Plastic offensive: Several B.C. municipalities eager for bag bans as province conducts review

Plastics industry remains steadfast that bags are being unfairly targeted

Promotional materials for the City of Victoria’s plastic bag bylaw that was approved in 2018, but has since been struck down by the Court of Appeal of British Columbia. (City of Victoria/Lisa Helps/Twitter)

As 2020 begins, at least 20 B.C. municipalities have either put in place a bylaw that prohibits plastic bags at check-outs, or are drafting legislation in consultation with residents about how to come up with one.

In the meantime, the province is reviewing single-use plastics to come up with a potential provincewide ban, while the plastics industry remains steadfast that the bags are being unfairly targeted.

On June 8, 2019 Tofino and Uclulet prohibited businesses from giving out conventional plastic bags and restaurants providing plastic straws. Instead customers can pay a fee for a paper bag or, better yet, bring their own reusable bags.

The bans are meant to reduce the number of bags ending up in landfills or, worse, in the ocean. Tofino Mayor Josie Osborne said the ban has been good for her community.

“People want to effect change in the environment and the way we use things,” she said.

By July, several other municipalities joined Tofino and Ucluelet with similarly structured bylaws based on one in Victoria that was passed in 2018. They included Courtenay, Salmon Arm, Qualicum Beach, and Cumberland.

But the movement suffered a blow on July 10 when the Court of Appeal for British Columbia struck down Victoria’s bag bylaw, which struggled to get going due to court challenges

The court ruled that the implementation of a ban was provincial jurisdiction.

Lisa Helps – Victoria Mayor@lisahelps

City to Ask Supreme Court of Canada to Rule on Municipal Power to Regulate Business Use of Plastic Bags https://www.victoria.ca/EN/main/city/news-room/media-releases/latest-media-releases.html 

View image on Twitter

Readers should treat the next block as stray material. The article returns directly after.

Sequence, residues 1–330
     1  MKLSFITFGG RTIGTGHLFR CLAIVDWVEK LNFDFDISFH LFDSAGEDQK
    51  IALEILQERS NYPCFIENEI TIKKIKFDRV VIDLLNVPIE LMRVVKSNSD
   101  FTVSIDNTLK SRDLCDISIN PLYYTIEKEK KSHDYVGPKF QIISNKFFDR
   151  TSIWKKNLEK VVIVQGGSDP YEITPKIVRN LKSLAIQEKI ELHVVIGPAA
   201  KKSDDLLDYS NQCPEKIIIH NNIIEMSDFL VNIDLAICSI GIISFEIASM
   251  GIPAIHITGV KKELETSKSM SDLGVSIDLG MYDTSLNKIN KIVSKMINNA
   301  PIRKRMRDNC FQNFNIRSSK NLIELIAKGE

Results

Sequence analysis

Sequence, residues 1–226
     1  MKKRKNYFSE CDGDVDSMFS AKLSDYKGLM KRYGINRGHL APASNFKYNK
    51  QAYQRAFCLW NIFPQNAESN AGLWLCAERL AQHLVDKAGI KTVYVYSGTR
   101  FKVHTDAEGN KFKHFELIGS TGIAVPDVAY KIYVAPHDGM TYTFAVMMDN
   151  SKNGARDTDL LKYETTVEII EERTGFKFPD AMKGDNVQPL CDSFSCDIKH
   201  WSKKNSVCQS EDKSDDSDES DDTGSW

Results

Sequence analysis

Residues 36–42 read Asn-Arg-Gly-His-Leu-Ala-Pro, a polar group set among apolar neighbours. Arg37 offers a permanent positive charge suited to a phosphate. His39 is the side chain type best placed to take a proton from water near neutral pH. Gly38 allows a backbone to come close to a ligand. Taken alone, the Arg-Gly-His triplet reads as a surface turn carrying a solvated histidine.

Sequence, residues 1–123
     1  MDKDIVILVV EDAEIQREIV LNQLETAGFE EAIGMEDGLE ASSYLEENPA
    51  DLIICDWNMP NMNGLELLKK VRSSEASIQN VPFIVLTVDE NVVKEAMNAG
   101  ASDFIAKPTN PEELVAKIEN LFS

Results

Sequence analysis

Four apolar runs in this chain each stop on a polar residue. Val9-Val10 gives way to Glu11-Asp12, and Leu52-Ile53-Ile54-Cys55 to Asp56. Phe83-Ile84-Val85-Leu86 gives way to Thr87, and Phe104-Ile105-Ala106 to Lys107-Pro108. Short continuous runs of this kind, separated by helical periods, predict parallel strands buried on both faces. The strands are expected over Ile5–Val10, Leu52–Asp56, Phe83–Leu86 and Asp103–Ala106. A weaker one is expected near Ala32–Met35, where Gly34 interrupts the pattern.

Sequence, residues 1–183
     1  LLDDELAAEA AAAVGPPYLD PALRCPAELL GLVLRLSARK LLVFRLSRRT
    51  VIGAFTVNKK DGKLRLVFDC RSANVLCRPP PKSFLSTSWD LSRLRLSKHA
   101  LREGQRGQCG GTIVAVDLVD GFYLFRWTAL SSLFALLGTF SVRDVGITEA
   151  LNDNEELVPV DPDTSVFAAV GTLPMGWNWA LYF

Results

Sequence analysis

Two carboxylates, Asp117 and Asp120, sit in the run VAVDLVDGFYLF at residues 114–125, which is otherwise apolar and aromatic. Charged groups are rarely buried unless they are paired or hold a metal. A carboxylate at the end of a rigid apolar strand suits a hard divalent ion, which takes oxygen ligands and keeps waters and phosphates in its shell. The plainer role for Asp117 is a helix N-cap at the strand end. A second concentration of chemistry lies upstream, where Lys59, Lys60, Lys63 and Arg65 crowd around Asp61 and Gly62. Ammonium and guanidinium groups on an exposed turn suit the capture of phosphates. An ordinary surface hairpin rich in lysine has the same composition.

They include Chilliwack, Colwood, Port Moody, Richmond, Rossland, Esquimalt, North Vancouver, Saanich, Sooke, Kamloops, and Nanaimo.

Many of the municipalities are looking to the province for leadership on the issue. For two months ending in September it collected feedback about single-use plastics as part of a provincewide review.

Provincial ban coming?

It’s called the CleanBC Plastics Action Plan and it will include several ways to reduce plastic pollution, including bans, said a ministry official. Results from the outreach are expected sometime this winter.

In the meantime, the federal government has committed to banning single-use plastic items as early as 2021.

The plastics industry says the focus on banning plastic bags is misguided and ignores that plastic bags are often reused, can be recycled, and use less energy and water to make than something like a cotton bag.

Craig Foster, speaks for the Canadian Plastics Industry Association from B.C. It represents 300 companies and around 80,000 workers.

He says a Danish study from 2018 and a Quebec one from 2017 show the significant number of times reusable bags would have to be used in order to bring their environmental or climate impacts in line with plastic bags.

‘Not a win’

“We’re not only changing from recyclable to non-recyclable, we’re changing from domestic production to imports,” Foster said about alternatives to plastic bags. “It doesn’t matter how you look at this thing … there is not a win for us here at all.”

As for the New Year, Gibsons appears to be the only municipality in B.C. willing to push through a bag ban. Its chief administrative officer says councillors are still working out the details, but implementation is planned for March.

The City of Vancouver implemented a ban on polystyrene foam containers on Jan. 1, but its plastic bag ban, which it says will withstand legal challenge because it is governed by a different charter than Victoria, won’t come into effect until 2021. SOURCE

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Ban on plastic bags comes close to reality in a 3rd state


Plastic bags are seen stuck to the branches of a tree in the East Village neighborhood of Manhattan, on Wednesday, March 27, 2019. Photo by The Associated Press/Mary Altaffer

Gov. Andrew Cuomo and fellow Democrats who control the Legislature have reached a deal to make New York the third state with a ban on single-use plastic grocery bags as they worked to finalize budget agreements, officials said Friday.

The ban would prohibit grocery stores from providing plastic bags for most purchases, something California has been doing since a statewide ban was approved in 2016. Hawaii has an effective statewide ban, with all its counties imposing their own restrictions.

Supporters of such bans say they keep plastic bags from entering the environment and causing damage to ecosystems and waterways.

“With this smart, multi-pronged action New York will be leading the way to protect our natural resources now and for future generations of New Yorkers,” Cuomo, who proposed a ban in his $175 billion budget proposal, said in a statement Friday. MORE